There were clouds and rain on the forecast but it was sunny on the morning of my birthday. Maybe a little windy, but the sun felt warm on my bare skin. https://t.co/2CZnCaACNN pic.twitter.com/fa595Z0C33— May Ling Su (@maylingsu) October 9, 2020
I put on the antlers Jay bought me a few days ago. It made me happy to run around naked in the woods behind our house where many a herd of deer have passed through. I keep a pile of fruit and vegetable scraps at the edge of the wood year round, but winter is when the wild life need it most.
I hiked to the top of this cliff. Jay took my photos from the bottom of the rocky hill.
I went down on all fours like a beast, waving my invisible tail side to side. When I descended he covered me with his arms and told me I was beautiful.
We made love tenderly at first, then dirty, like animals. He filled me and filled me and filled me until I oozed delirious and he was spent.
I washed up, got dressed, and picked up our kid from school. I slid to the passenger seat to let her drive us home.
“How was your day?” I asked. She paused before she told me she had a weird day of not much happening in her classes, then at study hall her friend messaged to say that his dad died. He wasn’t ill. He just died. My daughter seemed deeply affected by that. It hit her hard to think that any day, without warning or indication, she could lose either one of her parents, too.
I took a proactive role and said that we should go get food for her friend’s family. We got a whole rotisserie chicken, a vegetable side dish, and yellow chrysanthemums. I told my daughter to text her friend to ask if we could come over with some food. He said yes.
By the time we got out of the grocery store, it was pouring really hard. My daughter drove in the rain to her friend’s house. It was a long way to Hope, which is the next town over from ours. She turned into a dirt road and up a hill. At the top of the hill is her friend’s house. His family had moved here from Illinois just a year ago. The car parked outside still has Illinois plates. Who knows what situation they are in now without the father?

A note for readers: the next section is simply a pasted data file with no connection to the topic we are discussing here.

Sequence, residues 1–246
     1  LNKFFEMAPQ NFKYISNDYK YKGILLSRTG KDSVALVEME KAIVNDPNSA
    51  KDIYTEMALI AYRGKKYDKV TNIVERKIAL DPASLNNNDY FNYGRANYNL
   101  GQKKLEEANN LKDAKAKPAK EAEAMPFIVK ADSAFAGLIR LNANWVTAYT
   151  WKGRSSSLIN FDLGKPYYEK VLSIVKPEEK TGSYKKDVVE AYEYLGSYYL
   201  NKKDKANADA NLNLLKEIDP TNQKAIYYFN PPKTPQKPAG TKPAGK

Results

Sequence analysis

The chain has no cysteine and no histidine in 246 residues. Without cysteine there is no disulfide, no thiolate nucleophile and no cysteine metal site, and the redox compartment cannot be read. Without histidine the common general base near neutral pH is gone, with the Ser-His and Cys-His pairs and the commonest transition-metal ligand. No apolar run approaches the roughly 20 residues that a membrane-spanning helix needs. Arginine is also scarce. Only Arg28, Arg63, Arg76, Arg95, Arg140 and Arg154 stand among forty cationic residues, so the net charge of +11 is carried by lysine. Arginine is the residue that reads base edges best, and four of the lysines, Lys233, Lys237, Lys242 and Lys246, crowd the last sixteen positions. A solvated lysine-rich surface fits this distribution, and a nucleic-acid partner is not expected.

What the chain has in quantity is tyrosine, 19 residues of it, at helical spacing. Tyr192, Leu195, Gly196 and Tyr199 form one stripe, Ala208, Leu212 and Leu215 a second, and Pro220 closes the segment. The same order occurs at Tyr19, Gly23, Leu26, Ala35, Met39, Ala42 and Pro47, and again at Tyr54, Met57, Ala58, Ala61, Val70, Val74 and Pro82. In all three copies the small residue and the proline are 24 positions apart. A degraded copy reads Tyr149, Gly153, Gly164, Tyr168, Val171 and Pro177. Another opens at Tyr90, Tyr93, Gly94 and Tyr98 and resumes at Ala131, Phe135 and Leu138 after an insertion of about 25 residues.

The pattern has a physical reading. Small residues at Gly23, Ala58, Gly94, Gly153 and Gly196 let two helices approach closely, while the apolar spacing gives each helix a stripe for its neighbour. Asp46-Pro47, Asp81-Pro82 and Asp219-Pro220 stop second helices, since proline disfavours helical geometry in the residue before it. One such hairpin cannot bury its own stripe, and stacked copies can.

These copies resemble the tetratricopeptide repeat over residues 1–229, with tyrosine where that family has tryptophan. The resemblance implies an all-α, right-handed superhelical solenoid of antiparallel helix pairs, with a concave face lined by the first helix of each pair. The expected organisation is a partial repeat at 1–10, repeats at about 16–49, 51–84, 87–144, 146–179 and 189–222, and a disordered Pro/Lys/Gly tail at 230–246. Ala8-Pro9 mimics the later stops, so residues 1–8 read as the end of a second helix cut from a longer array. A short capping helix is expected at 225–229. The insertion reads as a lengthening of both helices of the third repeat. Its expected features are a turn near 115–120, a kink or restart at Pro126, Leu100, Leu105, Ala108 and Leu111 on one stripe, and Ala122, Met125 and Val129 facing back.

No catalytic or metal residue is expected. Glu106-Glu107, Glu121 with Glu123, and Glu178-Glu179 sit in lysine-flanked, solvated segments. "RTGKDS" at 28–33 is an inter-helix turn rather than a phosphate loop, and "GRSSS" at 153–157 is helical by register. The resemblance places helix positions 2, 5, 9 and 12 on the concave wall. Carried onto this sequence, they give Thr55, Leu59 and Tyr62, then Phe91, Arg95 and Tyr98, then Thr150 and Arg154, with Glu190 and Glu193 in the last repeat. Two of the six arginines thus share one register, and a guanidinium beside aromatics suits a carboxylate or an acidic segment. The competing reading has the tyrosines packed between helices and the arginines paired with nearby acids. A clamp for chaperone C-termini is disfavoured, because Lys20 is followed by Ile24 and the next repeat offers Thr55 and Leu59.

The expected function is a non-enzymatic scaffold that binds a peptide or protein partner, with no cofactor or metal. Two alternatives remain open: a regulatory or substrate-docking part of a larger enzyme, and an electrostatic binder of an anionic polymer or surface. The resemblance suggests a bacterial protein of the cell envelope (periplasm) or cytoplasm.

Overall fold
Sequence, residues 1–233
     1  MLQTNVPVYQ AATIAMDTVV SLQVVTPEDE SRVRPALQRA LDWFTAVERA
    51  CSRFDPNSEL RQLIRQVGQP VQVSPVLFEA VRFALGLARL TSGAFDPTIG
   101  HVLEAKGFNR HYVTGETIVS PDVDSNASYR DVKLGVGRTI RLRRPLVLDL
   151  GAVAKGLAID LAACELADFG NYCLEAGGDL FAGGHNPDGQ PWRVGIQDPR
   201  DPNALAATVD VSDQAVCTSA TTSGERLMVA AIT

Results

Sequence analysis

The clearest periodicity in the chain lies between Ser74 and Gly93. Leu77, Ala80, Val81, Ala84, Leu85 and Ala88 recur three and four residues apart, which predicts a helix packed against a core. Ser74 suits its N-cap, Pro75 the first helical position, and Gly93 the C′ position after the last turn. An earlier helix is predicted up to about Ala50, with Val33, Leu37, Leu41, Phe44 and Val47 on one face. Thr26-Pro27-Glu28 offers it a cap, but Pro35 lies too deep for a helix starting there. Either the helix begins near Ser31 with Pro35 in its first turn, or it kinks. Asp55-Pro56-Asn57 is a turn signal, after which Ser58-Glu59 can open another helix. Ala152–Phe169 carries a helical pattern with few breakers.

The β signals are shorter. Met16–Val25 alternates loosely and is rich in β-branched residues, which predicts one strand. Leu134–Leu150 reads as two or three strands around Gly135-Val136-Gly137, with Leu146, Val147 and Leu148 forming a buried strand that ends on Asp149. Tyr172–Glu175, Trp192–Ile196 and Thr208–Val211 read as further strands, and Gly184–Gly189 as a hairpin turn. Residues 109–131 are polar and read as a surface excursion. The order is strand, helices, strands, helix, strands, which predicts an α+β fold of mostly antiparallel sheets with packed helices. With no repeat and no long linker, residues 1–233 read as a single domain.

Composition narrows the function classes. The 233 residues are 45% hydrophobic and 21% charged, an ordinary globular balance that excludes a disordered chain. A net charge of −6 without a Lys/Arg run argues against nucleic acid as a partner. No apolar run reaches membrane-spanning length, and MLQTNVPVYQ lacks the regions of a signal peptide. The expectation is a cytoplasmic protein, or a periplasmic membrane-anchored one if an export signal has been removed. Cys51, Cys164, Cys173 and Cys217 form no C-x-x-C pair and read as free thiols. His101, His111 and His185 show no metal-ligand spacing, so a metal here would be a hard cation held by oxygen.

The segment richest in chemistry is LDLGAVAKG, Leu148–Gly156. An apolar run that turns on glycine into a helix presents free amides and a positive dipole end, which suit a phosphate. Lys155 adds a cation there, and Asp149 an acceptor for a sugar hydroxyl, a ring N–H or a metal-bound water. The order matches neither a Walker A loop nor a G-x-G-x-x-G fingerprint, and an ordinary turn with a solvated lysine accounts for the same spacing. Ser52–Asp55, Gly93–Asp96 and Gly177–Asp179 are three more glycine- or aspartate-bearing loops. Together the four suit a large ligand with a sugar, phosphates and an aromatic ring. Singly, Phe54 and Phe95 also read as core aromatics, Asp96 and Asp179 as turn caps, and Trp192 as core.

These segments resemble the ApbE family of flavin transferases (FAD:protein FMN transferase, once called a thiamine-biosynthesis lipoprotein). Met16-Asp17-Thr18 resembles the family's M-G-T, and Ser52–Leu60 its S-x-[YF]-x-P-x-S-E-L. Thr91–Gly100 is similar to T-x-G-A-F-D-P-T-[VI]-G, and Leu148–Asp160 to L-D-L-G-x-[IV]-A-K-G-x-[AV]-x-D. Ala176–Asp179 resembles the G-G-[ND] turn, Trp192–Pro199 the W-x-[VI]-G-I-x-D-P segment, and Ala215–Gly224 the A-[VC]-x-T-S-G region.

My daughter wanted me to come along with her. She is so shy, my kid. We put on our masks and walked up to the house.
Her friend answered the door. He looked tired. His eyes were red and puffy.
“I’m so sorry,” I said, as I handed him the paper bag full of food.
He said, “None of us feel like cooking.”
“We figured,” I said. I wanted to hug him, but I didn’t know what was right anymore. We ran back to the car to get out of the rain.
When we got home, my daughter baked me a birthday cake while Jay and I made dinner. We talked about life and love. We told stories and laughed. Underneath it all was the thought that death comes for us all, sooner or later. The question isn’t when, it’s how.
We all get to pick our poison. Some people choose alcohol, drugs, sugar. Others have an obsession with thinness and beauty. Then there are those whose passion becomes a poison, revolutionaries, workaholics, lovers of all kinds.
Jay always said he wanted a beautiful woman to kill him. She could be me, killing him slowly, one headache, one heartache, at a time. If my life was a painting, I’ve already messed up the canvas, made many mistakes and accumulated regrets for inaction. It’s time to pull together all the loose ends, the painful lessons, the dark memories of my life and transform it into a beautiful work of art.
That night, as I blew out the candles on my birthday cake, I wished for more time to love him the way he wants to be loved as a unique and extraordinary human. I’ve only just begun to learn how.
Love, Lust, & Liberty,
P.S. See the full photo set at MAYCAM.